The word catacomb comes from Greek kata kumbas (L. ad catacumbas), "near the low place" and originally it meant a certain burial district in Rome. It can refer to any network of caves, grottos, or subterranean place that is used for the burial of the dead, or it can refer to a specific underground burial place.
Famous examples are:
- Catacombs of Rome, in Rome, Italy
- Catacombs of Paris, in Paris, France
- Kom al Sukkfa , Catacombs of Alexandria, Egypt
- Catacombs of Malta in the island of Malta.
There are also catacomb-like burial chambers in Anatolia, Turkey; in Susa, North Africa; in Naples, Italy; in Syracuse, Italy; Trier, Germany; Kiev, Ukraine. Capuchin catacombs of Palermo, Sicily were used as late as 1920s.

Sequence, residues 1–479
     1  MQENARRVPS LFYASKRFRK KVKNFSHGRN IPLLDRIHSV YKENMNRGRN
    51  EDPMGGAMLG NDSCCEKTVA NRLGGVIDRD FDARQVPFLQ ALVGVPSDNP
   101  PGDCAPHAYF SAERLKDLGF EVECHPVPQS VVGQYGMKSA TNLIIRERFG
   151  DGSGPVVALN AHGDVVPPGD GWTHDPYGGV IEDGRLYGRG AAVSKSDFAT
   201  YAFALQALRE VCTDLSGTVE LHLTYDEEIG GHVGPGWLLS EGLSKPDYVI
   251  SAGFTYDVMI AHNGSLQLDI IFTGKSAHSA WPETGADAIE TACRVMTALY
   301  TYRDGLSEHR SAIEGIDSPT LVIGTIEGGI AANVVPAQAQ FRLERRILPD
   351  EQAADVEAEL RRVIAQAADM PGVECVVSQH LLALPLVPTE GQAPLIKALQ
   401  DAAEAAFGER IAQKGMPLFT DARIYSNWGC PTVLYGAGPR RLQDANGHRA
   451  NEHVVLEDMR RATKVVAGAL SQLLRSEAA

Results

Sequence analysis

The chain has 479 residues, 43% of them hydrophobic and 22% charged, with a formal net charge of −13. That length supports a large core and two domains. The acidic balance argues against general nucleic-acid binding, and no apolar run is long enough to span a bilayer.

In Ukraine and Russia, catacomb (used in the local languages' plural catacomby) also refers to the network of abandoned caves and tunnels earlier used to mine stone, especially limestone. Such catacombs are situated in Crimea and the Black Sea coast of these two countries. The most famous are catacomby beneath Odessa and Ajimushkay, Crimea, Ukraine. They served as bases for Soviet World War II guerillas (see also Great Patriotic War). Ajimushkay catacombs hosted about 10.000 fighters and refugees. Many of them died and were buried there, and memorials and museums were later established (it is now a territory of Kerch city).